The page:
As educators, isn’t it time we looked at social value for money?

I write this piece not as an expert, but as an advocate for making this world a better place. This blog is divided into three main parts: personal reflections, a few current examples of action for discussion and finally, the what next question.  I begin with a few milestone reflections that help to position my journey to date.

  • First and foremost, I am a teacher by vocation. However, my personal journey and interest has given me a wider perspective on areas associated with social justice and equity, leadership for change and policy development.
  • Back in 2007, I was privileged to work with The Audit Commission on the SEN/AEN Value for Money (VfM) Toolkit. I remember the first meeting well.  I was the newbie on the block.  As I listened to much more learned individuals deliberate on the problem, but little on the solution, something stirred in me. I popped up the confidence to offer a possible solution already available to leaders in schools.  The civil servant in the room immediately knocked my idea down as ridiculous and so I remained silent for the rest of the meeting.  My idea, focused on a participatory process, which clearly added a social dimension to value for money discussions.  By the next meeting, colleagues at The Audit Commission had undertaken some research and the proposal I had put forward was now the leading paradigm for change.  There was one slight exception.  What I had proposed as a participatory process for the good of the community and by the local community, was now a bureaucratic template file that had to be filled in!   This, plus several other experiences, have always spurned my aversion towards review models that are tick list exercises, especially in the field of special educational needs, inclusion and disability.  If there is no underpinning collaborative theory of change – what’s the point?
  • Introduction of the Social Value Act in 2012 and school funding reforms in 2013 provided the platform for me to co-present national briefings on School Funding & Finance. Simultaneously, co-founding a social enterprise to increase community access for special educational needs and disability resources peaked my interest in looking at alternative models.  This is a work in progress, which is now (post SEND reforms implementation) gaining momentum. I recorded some of my earlier thoughts in a Pioneer Post blog in 2013.  The following academic year, I helped co-organise a panel discussion on ‘Do 21st century school offer social value?’  The contributions were passionate and reflected the true diversity of the panel and audience.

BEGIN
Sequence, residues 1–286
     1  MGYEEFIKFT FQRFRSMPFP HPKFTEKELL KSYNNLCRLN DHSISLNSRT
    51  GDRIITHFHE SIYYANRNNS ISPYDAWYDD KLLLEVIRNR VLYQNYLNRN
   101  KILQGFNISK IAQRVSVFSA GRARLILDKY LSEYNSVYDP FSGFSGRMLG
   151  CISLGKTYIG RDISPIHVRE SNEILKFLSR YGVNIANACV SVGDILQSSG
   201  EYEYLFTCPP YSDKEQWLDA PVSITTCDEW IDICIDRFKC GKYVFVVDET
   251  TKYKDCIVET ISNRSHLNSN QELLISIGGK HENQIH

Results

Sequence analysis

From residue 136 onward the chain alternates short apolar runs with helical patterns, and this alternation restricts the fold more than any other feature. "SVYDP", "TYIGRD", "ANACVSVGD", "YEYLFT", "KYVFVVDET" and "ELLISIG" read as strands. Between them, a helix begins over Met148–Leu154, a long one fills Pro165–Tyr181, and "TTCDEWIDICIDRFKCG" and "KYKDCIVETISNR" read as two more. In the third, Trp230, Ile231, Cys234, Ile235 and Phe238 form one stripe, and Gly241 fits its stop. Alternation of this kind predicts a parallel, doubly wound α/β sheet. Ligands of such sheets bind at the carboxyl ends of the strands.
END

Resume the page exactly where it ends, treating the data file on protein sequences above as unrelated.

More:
• Around this time, I also wrote to senior officials responsible for the accountability of schools. My question was simply:  how could existing frameworks embrace the Social Value Act (SVA) 2012?  I received a non-committal response.  The revised Common Inspection Framework (CIF) in 2015, didn’t embrace the SVA.  For other reasons, the model and its subsequent revisions in recent years, is an improvement on previous approaches … but also a missed opportunity to embrace SVA.

So where are we today?

Like the Sustainable Development Goals (SDGs) 2015-2030, the Social Value Act requires everyone to play their part. In effect, it is complicated, as it involves several stakeholders … who all hold different views on what matters and what counts as ‘social value’.  The Public Services (Social Value) Act 2012 requires public bodies to consider how the services they commission and procure might improve the economic, social and environmental well-being of the area. Commissioners are required to factor social value in at the pre-procurement phase, allowing them to embed social value in the design of the service from the outset.  From a local government perspective, I often cite Croydon local authority as a good example, though there are others on the website. Other case studies from health and social care.